The game of basketball is one of absolutes, built on indisputable numbers. Either the ball went in the hoop or it didn’t. The game of diplomacy is very different. But that isn't stopping one group from using basketball to solve the Israeli-Palestinian conflict. 

The most prominent example of basketball as a peace builder isn’t in Israel or the West Bank. It’s a summer camp in Otisfield, Maine. It was there that journalist John Wallach first started Seeds of Peace in 1993. The camp, which brings in American campers as well as Israeli, Palestinian, and Egyptian children to work together in team-building exercises, was looking for a new program a few years ago when camp supporter and sports super agent Arn Tellem stepped in. The end result is NBA Day, an annual basketball tutorial in which NBA players visit the camp to work with the children on the Seeds of Peace basketball courts. It has subsequently inspired several moments in which Israelis and Arabs gladly work cooperatively. Plus they’ve had the chance to meet some NBA players, which is cool.

While Seeds of Peace and its NBA Day created a unique precedent for sports as an ultimate uniter in a divided world, the Peres Center of Peace has taken the necessary next step. Founded by Israeli president and Nobel Laureate Shimon Peres as an organization looking to “build an infrastructure of peace and reconciliation,” last summer saw the organization host its own basketball day, in which international basketball talent hosted Israeli and Palestinian players, who competed together on the court. Staged outside Jerusalem and hosting children from several Israeli and Palestinian neighborhoods, the program also saw participation from Los Angeles Lakers guard and Seeds of Peace participant Jordan Farmar and was seen as a major success with plans to hopefully return next year.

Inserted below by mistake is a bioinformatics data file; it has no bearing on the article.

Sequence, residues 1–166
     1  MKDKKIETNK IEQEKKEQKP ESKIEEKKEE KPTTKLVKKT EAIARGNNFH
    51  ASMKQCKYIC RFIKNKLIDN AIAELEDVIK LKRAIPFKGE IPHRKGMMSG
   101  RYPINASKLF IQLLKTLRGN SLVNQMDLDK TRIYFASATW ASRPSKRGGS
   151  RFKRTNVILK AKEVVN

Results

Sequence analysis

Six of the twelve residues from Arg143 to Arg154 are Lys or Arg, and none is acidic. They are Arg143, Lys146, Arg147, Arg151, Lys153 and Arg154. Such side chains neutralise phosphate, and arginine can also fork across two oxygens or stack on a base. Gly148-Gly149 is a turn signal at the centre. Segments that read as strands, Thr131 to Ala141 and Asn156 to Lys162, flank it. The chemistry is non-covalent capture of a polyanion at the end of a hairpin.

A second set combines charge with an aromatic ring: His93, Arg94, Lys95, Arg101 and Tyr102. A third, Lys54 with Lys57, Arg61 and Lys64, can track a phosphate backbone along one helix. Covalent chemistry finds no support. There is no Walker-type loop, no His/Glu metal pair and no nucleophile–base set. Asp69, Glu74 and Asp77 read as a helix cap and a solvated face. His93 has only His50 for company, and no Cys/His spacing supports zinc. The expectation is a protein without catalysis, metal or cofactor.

We may never know the ultimate results of these basketball programs, but there’s still no underestimating the power of sports on the psyches of young people. Besides, shooting hoops is so much more fun than debating.